At the time of his death, homosexuality was a crime.


Alan Turing, who during World War II helped the Allies break Nazi codes and later came to be regarded as a pioneer in computing and artificial intelligence, finally got a proper sendoff in the form of a New York Times obituary on Wednesday.

In spite of his scientific developments and contributions to the war, Turing died by suicide in 1954 after the British government convicted him of homosexuality — a crime in the U.K. until 1967 — and chemically castrated him as punishment. With this new obituary, part of the publication's ongoing series of tributes to overlooked historical figures, the NYT is celebrating his life and accomplishments.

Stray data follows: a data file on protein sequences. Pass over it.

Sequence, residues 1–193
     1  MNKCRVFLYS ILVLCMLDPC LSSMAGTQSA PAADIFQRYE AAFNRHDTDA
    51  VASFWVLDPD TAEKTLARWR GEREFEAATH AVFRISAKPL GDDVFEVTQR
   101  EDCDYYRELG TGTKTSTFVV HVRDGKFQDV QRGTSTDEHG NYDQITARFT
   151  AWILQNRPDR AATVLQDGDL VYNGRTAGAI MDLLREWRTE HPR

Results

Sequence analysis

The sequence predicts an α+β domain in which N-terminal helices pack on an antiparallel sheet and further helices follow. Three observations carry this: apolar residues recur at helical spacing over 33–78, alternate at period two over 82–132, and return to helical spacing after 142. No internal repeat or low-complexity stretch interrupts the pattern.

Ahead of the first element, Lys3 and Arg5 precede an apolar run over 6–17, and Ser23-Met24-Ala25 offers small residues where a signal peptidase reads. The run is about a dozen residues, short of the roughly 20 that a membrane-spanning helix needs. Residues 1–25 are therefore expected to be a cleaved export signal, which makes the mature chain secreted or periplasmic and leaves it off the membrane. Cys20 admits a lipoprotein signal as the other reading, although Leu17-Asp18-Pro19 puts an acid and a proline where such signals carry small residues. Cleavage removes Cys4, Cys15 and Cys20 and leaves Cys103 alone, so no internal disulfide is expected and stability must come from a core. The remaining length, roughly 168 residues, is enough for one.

Looking Back

The NYT wasn't the only one to overlook Turing's death — it took 55 years before the government apologized in 2009 for how he and other gay Brits were treated, and Turing wasn't formally pardoned until Queen Elizabeth II did so in 2013.

"He was a national treasure, and we hounded him to his death," said computer scientist John Graham-Cumming at the time of the government's apology, according to the NYT.

Code Breaker

Not only did Turing help decrypt seemingly-unbreakable Nazi codes during WWII, but he also helped kickstart the entire field of artificial intelligence.

His namesake, the Turing Test, is still considered a crucial and yet-unsurpassed benchmark for building machines so intelligent that they seem human.

"I am very proud to say: we're sorry. You deserved so much better," said then-Prime Minister Gordon Brown in 2009.

READ MORE: Overlooked No More: Alan Turing, Condemned Code Breaker and Computer Visionary [The New York Times]

More on Turing: Know Your Scientist: Alan Turing

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